Part of: In Camera

Interview: Juergen Teller

published on 8 December 2004

Celebrated for his arresting and often confrontational imagery that debunks the glamour of traditional fashion photography, in December 2004 Juergen Teller became the second world-renowned fashion photographer featured as part of our prestigious In Camera interview series.

This interview was showcased online with a series of live stills updated throughout the course of the interview, and a real-time transcript typed and edited live.

Celebrated for his arresting and often confrontational imagery that debunks the glamour of traditional fashion photography, in December 2004 Juergen Teller became the second world-renowned fashion photographer featured as part of our prestigious In Camera interview series.

47 Q&A Posts

Q. There is an image in your current exhibition at Modern Art where you and your wife are pictured standing either side of an estate car, much in the way that Mrs and Mrs Andrews stand in front of their country estate in the Gainsborough painting. Are you asserting yourself as the new society painter? Penny Martin, Editor in Chief, SHOWstudio, London
First of all, it's not an estate car. It's a Mercedes 500CL. It's for me the perfect family portrait where I've put everything: the car, the wife and the kid. It's a happy photograph. It's my state of mind.

Q. Why do you think you became a photographer? Alison, New York
I really don't know. If I think for a second, I guess I wanted to explore the world.

Q. Why do you think you have been successful? Pol, Barcelona
What is success? If you are content with yourself, then it's a success.

Q. Dear Juergen, do you ever feel that you use people? Tracey Emin, London
Of course I use people and people use me. That doesn't mean it's in a negative way whatsoever. As much as I use, I give. When other people use me, they give me something as well.

Q. In your opinion, does talent come from hard work or are you just born with it? Wulan, Jakarta
You are born with it. But you have to work hard on yourself.

Q. What most inspires you to press the shutter? Peter Bannan, New Zealand
Strange question. I'm not really interested in the shutter.

Q. Has Helmut Newton influenced your work? Charles Warren, South Carolina
Not really. 

Q. Juergen, do you find that your work is criticised more zealously now that your are positioning yourself as an art, rather than purely a fashion photographer? Lou Mensah, Photographer, London
I don't consider myself as an art photographer. Nor as a fashion photographer. I consider myself as a photographer who produces work. I am interested in many things. But your question has a point. People want to put everyone in one cupboard because it's easier for them to deal with.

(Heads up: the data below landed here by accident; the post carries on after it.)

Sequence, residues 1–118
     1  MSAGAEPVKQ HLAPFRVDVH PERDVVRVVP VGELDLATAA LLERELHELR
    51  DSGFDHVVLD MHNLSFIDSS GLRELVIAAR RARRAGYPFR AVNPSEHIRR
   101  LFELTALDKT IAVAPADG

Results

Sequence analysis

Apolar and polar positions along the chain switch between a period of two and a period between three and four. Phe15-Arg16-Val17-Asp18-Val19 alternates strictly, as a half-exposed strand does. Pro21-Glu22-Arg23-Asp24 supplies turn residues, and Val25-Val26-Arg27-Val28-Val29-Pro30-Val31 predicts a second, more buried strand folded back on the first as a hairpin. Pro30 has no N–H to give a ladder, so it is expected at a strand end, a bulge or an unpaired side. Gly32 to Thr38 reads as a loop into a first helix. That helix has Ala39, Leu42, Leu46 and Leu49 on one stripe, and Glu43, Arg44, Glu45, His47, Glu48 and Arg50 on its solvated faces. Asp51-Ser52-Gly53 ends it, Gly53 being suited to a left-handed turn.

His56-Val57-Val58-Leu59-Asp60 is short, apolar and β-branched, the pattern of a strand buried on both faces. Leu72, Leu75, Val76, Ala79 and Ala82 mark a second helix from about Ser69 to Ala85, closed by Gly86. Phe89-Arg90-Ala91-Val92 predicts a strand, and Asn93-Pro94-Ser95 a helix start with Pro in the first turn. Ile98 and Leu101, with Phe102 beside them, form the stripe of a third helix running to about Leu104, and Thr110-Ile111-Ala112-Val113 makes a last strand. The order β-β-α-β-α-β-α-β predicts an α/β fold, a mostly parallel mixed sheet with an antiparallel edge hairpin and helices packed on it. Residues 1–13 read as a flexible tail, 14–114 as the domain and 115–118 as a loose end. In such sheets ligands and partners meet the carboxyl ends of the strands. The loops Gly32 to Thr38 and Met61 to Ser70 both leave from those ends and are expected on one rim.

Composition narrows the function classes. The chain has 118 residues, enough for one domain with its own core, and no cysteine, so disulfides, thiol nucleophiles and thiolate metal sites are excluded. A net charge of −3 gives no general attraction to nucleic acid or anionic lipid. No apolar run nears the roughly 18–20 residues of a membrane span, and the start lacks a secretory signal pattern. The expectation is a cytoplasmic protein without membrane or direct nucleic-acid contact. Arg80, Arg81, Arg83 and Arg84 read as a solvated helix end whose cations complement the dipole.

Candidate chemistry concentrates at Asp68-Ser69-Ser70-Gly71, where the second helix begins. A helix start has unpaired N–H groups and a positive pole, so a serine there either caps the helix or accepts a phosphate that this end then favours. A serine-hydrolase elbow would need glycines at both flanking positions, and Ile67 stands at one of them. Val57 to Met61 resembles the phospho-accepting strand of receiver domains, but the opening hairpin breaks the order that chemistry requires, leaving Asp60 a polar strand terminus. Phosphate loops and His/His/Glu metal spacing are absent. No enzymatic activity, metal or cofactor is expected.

Q. Are you competitive? Krasi, Genova / Sofia, Bulgaria

Q. Which painters have influenced you? Cristina, America
Many things influence me in life. I couldn't recall one particular painter.

Q. Do you think you have been influenced by the work of Wolfgang Tillmans? Santiago Forero, Columbia
I like some of his work. Whenever I like somebody's work, whether it's a painting, a film, a book or whatever it might be, it has impact somehow deep in your psyche, or in yourself.

Q. Do you have any message that you wish to communicate through your work? James Tregaskes, London
To be yourself.

Q. Your work provokes extreme reactions. What makes you invite hostility towards you? Abby Kirkwood, Sutton
I don't think it's so extreme. I just try to do what I believe in.

Q. Where do you see yourself within contemporary German photography? Nacho, Barcelona
I am not concerned about countries and borders.

Q. Hallo juergen, sehnst sich du dich manchmal nach deutschland? [Hello Juergen, do you sometimes feel a longing for Germany?] Lars, London
Of course I do. Whenever I miss it too much, I go. I go quite regularly.

Q. Do you think there is any social value in your work? Does it benefit anyone? Pino, Milano
I think there is. If it helps you to find your own individuality, which I always try to push within my work, free from any preconceptions, to try to find yourself. That's an extremely difficult thing to do for a lot of people.

Q. Who do you think you are kidding? Jason Evans, Hove
Fuck off.

Q. Does your status as a well known photographer make the challenges of your personal work more difficult to fulfill? David Pineda, East London
No it doesn't.

Q. Does politics have a place in fashion? Anna Parker, Essex
You can be politically aware whatever you do.

Q. Why have you decreased the amount of fashion editorial you publish? Angelica Maszil, Barcelona
Because I don't have so many ideas. Only when I have one I pursue and try to publish it.

Q. Juergen, when conducting a fashion shoot do you prefer working with models or 'real people'? Rachael Opp, London
It changes all the time. They are all real people to me.

Q. Which designer is the most enjoyable to work with? Ivan, New York
Marc Jacobs and Helmut Lang.

Q. Why is it necessary to credit yourself at the bottom of every ad campaign? Aaron Tan, Singapore
Why not?

Q. Do you find your ad work more satisfying or your personal work? Kath, Australia
What do you think?

Q. What's your day rate for a 'commercial shoot' like your Helmut Lang or Marc Jacobs work? Mike, London
You'll have to call my agent.